If you’re one of those parents who always gets nagged by your children about having a pet and you are thinking about what pet to get them then this advice is for you! Here is what you need to think about when considering a “cheap, easy rabbit” option!
Rabbits for children
Rabbits are often mistaken as cheap, easy pets and are still seen as an ideal pet for small children. However, they are often not a suitable pet at all so we recommend that they should be taken on as a family pet with an adult taking the ultimate responsibly for providing the required care. If you are thinking of getting a rabbit as a pet for your child we would recommend that you yourself have a genuine interest in keeping a rabbit too because you will be legally required by the law to care for him or her properly.
There are several things to remember when making a decision about purchasing a rabbit for your child.
One of the most common reasons a rabbit is given up is because the children have got bored of it. Evidence of this is ever present on the local classified adverts where you will see comments such as “only selling due to children have lost interest”. This is why we recommend that you make sure you are ready to commit to the full 8 to 12 possible years of the rabbits life.
Young children love to be able to cuddle their pet, but most rabbits do not like being picked up and often struggle, resulting in a fall and injury.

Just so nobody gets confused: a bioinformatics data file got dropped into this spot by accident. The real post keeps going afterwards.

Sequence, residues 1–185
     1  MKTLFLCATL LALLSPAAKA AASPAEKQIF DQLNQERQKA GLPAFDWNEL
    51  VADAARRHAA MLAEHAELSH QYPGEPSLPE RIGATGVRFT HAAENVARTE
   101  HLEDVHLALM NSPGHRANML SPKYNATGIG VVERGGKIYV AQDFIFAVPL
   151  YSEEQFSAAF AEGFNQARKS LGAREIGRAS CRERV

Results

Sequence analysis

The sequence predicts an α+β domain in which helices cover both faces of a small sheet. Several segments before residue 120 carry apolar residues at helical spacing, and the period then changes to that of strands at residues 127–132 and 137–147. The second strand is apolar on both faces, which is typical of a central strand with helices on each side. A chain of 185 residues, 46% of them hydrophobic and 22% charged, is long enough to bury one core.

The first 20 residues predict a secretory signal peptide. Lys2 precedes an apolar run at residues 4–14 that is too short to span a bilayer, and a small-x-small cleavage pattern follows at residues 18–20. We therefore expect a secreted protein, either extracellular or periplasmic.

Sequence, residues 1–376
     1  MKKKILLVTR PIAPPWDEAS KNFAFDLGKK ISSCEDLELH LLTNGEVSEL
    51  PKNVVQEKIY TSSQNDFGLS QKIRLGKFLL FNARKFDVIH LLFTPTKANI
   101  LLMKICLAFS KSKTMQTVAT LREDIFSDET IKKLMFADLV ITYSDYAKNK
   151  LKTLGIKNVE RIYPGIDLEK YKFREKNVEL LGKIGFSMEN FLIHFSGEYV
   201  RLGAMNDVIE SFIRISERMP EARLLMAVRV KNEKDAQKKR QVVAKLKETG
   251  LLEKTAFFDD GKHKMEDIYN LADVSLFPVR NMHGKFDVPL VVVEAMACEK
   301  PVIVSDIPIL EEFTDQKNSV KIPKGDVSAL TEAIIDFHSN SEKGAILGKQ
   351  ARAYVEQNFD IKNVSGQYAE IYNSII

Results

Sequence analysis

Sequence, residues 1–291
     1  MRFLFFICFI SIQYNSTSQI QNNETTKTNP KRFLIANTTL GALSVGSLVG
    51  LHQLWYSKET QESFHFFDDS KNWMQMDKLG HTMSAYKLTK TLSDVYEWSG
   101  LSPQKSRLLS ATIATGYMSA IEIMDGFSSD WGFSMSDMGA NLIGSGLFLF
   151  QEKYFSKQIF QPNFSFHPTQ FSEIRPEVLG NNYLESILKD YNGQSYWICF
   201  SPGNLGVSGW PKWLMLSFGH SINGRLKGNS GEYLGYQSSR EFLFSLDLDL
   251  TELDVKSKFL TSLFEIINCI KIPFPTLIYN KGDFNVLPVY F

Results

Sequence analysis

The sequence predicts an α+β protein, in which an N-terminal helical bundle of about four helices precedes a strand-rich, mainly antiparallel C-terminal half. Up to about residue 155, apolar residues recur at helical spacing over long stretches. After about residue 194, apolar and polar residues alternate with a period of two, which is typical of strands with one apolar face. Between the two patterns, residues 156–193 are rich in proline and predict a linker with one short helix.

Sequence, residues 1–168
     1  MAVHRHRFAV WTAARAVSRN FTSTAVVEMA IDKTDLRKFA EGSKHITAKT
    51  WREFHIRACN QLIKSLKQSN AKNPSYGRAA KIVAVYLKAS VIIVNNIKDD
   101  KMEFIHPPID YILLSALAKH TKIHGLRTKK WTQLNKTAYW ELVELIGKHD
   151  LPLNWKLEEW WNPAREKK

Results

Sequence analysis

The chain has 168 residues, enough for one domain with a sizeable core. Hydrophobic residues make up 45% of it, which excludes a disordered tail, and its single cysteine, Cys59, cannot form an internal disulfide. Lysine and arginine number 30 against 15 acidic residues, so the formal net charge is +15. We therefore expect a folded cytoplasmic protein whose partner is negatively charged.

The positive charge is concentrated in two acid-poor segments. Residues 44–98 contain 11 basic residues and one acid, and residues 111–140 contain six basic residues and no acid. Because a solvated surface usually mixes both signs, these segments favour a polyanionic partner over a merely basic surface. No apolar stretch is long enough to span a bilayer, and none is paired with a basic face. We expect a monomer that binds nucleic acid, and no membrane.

Rabbits can give a nasty bite and scratch when they are frightened.
Children will need to have lots of patience as building a trusting relationship with a rabbit takes time.
Rabbits are not ‘easy’ pets to look after properly. It takes time to provide the necessary care which includes keeping their accommodation cleaned daily in order to keep deadly parasites and infections at bay. It’s apparent that not many people realise just how time consuming rabbit keeping can be and this results in rabbits being advertised for rehoming because “we haven’t got time for him”.
[endif]--Remember your pet rabbit will need your time, care and love for the rest of its life. ![endif]--
If you still feel that you would like to take on a rabbit as a family pet then ensure that you can meet the following basic requirements set out in the Animal Welfare Act:
A suitable place to live.
A healthy diet, including fresh clean water.
The ability to behave normally.
Appropriate company, including any need to be housed with, or apart from, other animals.
Protection from pain, suffering, injury and disease.
Our RSPCA page contains advice on all of the above so it’s a great way to get yourself prepared.
Lastly, if you are ready to provide a rabbit a home then please always adopt, don’t shop! Read our leaflet on why this is always a better option.